Trash the spam: how to achieve a (nearly) junk-free inbox

CONSUMER: I receive dozens of spam e-mail messages every day. They're a nuisance! What can I do?

ATTORNEY GENERAL ROB MCKENNA: The recent arrest of "Spam King" Robert Alan Soloway by the United States Attorney's Office in Seattle came as a relief to many consumers and those in the tech security community. Soloway is accused of sending millions of spam messages and faces 35 criminal counts, including aggravated identity theft.

But many other spammers are still out there attempting to infiltrate our inboxes. Unscrupulous marketers clog up servers with junk ads. Identity thieves target your e-mail account with phishing scams that appear to come from your bank. Cons claiming to be wealthy foreigners plead for your assistance in transferring funds.

Studies show that billions of spam messages are sent over the Internet every day. Internet service providers intercept many of these bothersome messages before they ever reach your computer. But as spammers become more sophisticated at disguising their identities and develop new tactics to slip past filters - like using graphics instead of text - it becomes increasingly difficult to block all unwanted and illegal messages.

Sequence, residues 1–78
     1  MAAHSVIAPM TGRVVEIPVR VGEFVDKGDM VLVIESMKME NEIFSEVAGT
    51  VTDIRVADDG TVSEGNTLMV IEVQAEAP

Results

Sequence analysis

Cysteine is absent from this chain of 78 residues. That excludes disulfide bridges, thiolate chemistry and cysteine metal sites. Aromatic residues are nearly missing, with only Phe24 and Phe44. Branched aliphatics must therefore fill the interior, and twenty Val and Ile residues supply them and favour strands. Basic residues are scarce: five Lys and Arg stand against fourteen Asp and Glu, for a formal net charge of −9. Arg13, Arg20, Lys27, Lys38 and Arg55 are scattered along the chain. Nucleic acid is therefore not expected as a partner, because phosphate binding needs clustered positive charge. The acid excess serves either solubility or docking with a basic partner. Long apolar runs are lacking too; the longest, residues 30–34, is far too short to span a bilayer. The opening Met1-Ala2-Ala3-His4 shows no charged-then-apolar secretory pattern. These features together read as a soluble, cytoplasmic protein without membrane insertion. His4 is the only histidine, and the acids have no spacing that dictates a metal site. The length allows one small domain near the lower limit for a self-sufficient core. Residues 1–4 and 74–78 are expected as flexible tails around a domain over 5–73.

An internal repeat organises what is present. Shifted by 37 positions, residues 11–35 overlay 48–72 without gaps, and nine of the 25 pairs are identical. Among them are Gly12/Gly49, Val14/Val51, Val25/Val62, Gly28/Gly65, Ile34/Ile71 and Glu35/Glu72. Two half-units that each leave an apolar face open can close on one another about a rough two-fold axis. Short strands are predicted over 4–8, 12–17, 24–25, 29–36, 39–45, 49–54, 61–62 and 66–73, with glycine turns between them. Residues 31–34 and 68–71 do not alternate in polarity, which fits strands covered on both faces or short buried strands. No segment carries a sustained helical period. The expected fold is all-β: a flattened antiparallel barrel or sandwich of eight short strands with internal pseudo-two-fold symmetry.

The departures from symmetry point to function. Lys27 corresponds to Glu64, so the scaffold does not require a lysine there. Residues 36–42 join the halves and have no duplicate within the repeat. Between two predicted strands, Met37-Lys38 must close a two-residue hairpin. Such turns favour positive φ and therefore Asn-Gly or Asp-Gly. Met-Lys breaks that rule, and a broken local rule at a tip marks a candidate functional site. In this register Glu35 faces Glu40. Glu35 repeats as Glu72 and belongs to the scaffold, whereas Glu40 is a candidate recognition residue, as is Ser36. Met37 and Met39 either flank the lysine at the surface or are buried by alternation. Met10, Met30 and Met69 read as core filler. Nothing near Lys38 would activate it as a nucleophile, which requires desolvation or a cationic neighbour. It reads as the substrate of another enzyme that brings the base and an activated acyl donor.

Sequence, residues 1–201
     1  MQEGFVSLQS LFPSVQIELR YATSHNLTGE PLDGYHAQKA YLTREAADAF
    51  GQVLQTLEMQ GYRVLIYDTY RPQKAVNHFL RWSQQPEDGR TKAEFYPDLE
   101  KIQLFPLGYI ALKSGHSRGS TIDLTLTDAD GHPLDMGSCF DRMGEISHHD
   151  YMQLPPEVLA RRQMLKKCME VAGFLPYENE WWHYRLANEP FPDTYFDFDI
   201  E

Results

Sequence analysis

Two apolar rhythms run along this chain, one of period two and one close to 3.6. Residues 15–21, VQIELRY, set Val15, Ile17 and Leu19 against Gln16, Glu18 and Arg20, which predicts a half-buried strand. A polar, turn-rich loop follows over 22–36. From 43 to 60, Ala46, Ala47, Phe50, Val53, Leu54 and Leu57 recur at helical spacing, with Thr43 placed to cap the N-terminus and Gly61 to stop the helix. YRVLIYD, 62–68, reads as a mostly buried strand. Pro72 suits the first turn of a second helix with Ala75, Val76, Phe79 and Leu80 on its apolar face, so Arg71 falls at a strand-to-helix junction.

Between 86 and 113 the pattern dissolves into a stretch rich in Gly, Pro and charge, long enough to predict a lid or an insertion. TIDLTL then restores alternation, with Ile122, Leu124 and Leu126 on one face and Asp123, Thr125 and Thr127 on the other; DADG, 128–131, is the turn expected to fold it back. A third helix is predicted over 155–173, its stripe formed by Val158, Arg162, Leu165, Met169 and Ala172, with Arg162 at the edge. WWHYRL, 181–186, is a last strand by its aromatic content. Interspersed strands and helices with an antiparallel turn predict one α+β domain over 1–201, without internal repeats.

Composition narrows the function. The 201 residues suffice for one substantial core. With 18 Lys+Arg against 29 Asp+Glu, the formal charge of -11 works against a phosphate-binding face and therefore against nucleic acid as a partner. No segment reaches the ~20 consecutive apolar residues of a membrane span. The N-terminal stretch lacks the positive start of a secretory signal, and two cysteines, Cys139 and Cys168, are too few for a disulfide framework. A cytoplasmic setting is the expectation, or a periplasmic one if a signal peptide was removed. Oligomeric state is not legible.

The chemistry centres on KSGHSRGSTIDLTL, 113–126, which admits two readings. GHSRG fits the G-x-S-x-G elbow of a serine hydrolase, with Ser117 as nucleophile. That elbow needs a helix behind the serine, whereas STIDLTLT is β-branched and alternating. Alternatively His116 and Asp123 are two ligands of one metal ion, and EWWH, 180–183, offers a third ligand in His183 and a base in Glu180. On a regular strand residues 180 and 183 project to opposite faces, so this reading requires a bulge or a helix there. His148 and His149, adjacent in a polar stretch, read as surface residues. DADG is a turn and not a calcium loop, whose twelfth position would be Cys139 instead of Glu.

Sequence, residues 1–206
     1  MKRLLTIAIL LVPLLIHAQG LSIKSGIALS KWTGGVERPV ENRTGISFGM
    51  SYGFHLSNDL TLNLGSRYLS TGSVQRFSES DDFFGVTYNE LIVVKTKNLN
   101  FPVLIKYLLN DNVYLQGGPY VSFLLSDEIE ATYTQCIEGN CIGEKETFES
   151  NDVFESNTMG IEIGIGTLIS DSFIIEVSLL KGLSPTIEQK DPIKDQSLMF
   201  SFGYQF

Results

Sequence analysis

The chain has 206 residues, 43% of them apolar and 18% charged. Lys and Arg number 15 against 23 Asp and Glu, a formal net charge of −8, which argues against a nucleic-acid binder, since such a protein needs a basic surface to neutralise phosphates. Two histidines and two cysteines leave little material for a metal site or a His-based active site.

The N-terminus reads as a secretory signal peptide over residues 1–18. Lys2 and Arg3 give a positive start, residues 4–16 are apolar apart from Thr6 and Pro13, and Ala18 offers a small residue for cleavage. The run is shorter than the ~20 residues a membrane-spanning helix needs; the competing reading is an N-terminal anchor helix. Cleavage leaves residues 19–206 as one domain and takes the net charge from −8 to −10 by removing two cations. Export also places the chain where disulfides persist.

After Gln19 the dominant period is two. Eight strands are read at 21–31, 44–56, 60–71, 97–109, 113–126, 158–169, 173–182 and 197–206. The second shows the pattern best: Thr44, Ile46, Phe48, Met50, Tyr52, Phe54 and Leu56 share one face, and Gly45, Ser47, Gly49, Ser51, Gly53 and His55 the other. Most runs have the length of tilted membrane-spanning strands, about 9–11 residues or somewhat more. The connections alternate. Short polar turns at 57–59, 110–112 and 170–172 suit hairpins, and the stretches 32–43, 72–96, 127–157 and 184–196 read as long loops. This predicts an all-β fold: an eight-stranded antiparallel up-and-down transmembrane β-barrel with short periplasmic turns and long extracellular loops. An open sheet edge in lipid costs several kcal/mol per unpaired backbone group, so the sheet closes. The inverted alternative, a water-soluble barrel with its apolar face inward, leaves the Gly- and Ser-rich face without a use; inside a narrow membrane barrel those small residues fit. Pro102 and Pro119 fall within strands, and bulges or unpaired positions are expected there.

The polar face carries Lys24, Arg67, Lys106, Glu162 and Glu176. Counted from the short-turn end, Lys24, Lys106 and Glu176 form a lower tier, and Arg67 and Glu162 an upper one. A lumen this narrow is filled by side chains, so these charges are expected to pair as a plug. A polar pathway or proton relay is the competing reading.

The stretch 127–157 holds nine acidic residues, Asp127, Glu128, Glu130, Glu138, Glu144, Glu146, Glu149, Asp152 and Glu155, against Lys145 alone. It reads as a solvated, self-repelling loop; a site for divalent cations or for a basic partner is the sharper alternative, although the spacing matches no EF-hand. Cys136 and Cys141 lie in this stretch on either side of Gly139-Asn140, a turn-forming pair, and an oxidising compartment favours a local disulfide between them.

Spammers obtain your e-mail address through a variety of methods, including buying contacts from a list broker, "harvesting" addresses from the Internet and simply guessing. You can reduce the amount of spam you receive by taking some precautions:

* Don't reply to spam. By replying, the spammer knows that your e-mail address is active and that you actually open spam messages. This makes you a prime target to receive more spam.

• Use a spam filter. Any reputable e-mail software should provide a tool to block potential spam or route junk mail to a separate folder. You can purchase additional filters on their own or as part of a suite with virus protection software.

• Avoid displaying your e-mail address online. If your e-mail address appears in a newsgroup posting, on a Web page, in a chat room or an on-line service's membership directory, it may find its way onto a spammer's contact list.

• Read privacy policies as well as the entire form before you transmit personal information. Information you provide when you buy online, fill out a survey or contest entry, or submit your e-mail address to a Web site may be dumped into a marketing database and sold to prospective marketers. Some Web sites allow you to opt out of receiving email from their "partners" - but you may have to uncheck a pre-selected box.

• Make it more difficult for spammers to find or guess your e-mail address.

• Use multiple e-mail addresses or a disposable e-mail address service. Don't use your primary account to sign up for anything. Create a separate address for newsgroups, chat rooms and e-commerce than the one you use for personal messages. You might also want to consider using a disposable e-mail address service that creates a separate address that forwards to your permanent account. If one of the disposable addresses begins to receive spam, you can shut it off.